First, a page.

NASA published its Artemis plan on Monday aimed at landing the first woman and next man on the surface of the moon by 2024.
The total phase one funding for the plan for U.S. astronauts to return to lunar service for the first time since 1972 is nearly $28 billion, according to NASA's 74-page plan.
“With bipartisan support from Congress, our 21st century push to the Moon is well within America’s reach,” NASA Administrator Jim BridenstineJames (Jim) Frederick BridenstineSpaceX all-civilian crew returns to Earth, successfully completing 3-day mission SpaceX all-civilian crew calls Tom Cruise from space How will Biden's Afghanistan debacle impact NASA's Artemis return to the moon? MORE said in a statement. “As we’ve solidified more of our exploration plans in recent months, we’ve continued to refine our budget and architecture."
He said the mission back to the moon is for scientific discovery, economic benefits and to inspire a new “generation of explorers.”
The total $27.9 billion phase one cost is tallied up from funding spread over five years. Most of the costs, about $16 billion, is set for the initial human landing system, according to NASA’s plan.
The plan includes launching the new Space Launch System and the Orion spacecraft on two test flights around the moon to gauge performance. NASA will then launch a mission without astronauts in 2021, and a second with a crew in 2023.
In 2024, the agency plans to send astronauts on the mission with the goal of landing on the moon’s surface. The astronauts will collect samples and conduct a range of experiments over the course of nearly seven days before returning to Earth, according to NASA’s plan.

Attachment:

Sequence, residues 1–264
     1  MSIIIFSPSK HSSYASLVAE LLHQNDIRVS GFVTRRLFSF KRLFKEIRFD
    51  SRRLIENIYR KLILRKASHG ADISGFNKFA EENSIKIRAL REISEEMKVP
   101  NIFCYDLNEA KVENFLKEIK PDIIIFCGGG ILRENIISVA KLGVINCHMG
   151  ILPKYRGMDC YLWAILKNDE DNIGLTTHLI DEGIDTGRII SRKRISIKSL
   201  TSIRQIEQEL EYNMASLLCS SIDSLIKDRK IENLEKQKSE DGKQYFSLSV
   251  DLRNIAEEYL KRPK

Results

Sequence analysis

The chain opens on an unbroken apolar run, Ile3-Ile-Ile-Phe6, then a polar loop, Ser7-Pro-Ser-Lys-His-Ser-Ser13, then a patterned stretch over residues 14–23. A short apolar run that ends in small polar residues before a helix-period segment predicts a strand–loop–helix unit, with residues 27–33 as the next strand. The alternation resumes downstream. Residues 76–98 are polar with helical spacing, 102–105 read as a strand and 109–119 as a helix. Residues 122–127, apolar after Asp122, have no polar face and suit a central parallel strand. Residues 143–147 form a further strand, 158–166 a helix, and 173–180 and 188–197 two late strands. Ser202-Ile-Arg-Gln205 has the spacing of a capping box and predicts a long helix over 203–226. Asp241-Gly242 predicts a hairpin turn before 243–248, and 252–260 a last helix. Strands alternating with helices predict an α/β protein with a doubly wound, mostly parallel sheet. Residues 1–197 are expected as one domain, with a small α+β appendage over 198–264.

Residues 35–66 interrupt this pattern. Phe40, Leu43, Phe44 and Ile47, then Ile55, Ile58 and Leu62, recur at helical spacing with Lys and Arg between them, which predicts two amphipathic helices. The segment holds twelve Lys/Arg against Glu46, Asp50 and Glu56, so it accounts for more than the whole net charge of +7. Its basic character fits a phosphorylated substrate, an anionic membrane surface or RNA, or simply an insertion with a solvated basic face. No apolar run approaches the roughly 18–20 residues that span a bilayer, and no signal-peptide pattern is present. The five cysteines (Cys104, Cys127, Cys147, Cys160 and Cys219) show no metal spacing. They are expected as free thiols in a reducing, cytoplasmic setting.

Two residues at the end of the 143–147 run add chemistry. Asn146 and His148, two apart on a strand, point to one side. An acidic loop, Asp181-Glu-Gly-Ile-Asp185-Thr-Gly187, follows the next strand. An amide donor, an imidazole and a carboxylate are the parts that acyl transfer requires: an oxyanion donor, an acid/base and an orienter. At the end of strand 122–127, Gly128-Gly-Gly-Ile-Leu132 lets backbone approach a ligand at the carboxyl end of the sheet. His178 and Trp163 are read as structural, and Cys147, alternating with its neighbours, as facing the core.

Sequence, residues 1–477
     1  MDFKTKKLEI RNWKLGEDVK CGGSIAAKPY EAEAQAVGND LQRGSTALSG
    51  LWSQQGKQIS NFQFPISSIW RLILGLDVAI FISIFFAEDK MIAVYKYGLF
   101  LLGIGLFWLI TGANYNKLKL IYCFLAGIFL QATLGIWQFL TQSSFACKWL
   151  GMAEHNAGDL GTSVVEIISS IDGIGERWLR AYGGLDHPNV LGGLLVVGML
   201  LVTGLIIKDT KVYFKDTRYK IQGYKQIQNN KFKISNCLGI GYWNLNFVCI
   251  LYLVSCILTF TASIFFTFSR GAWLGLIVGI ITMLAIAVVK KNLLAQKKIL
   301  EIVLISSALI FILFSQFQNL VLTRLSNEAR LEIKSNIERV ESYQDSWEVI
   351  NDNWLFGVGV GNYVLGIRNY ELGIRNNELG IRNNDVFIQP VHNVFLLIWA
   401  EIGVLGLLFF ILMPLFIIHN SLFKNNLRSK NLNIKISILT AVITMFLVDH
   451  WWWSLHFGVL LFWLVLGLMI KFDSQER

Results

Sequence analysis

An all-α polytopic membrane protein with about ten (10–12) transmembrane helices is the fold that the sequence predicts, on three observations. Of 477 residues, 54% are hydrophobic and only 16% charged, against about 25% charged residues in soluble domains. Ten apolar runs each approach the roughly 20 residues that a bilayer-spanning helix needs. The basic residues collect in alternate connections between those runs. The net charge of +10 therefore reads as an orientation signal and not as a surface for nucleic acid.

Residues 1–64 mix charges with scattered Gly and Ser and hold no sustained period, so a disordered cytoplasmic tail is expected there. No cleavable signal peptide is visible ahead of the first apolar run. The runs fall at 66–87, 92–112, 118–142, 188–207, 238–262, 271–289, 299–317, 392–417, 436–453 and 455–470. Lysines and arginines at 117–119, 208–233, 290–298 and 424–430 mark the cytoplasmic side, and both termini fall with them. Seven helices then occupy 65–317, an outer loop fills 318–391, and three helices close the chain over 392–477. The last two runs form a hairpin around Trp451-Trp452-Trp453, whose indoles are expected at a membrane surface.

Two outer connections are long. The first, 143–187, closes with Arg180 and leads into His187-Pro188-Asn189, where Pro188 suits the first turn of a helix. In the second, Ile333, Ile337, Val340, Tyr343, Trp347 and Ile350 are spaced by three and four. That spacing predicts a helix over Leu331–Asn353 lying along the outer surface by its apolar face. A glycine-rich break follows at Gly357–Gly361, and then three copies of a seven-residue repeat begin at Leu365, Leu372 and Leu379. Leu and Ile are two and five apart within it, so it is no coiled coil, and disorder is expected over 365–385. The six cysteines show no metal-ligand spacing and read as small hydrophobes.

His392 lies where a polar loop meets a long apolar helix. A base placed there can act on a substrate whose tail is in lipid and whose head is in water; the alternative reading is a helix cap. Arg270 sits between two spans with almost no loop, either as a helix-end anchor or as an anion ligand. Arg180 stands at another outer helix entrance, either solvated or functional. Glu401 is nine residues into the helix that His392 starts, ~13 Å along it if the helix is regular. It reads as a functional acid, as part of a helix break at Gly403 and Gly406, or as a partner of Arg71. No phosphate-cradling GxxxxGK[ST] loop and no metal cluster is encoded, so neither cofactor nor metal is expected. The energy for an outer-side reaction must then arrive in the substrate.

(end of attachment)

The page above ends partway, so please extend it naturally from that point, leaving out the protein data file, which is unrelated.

The plan is contingent on Congress approving $3.2 billion for building a landing system, according to Bridenstine.
"The budget request that we have before the House and the Senate right now includes $3.2 billion for 2021 for the human landing system. It is critically important that we get that $3.2 billion,” Bridenstine told the BBC.
The House has passed a bill allocating $600 million towards the lunar lander, but NASA will need the additional funds, he said.
"I want to be clear: We are exceptionally grateful to the House of Representatives that, in a bipartisan way, they have determined that funding a human landing system is important — that's what that $600 million represents. It is also true that we are asking for the full $3.2 billion,” Bridenstine told the BBC.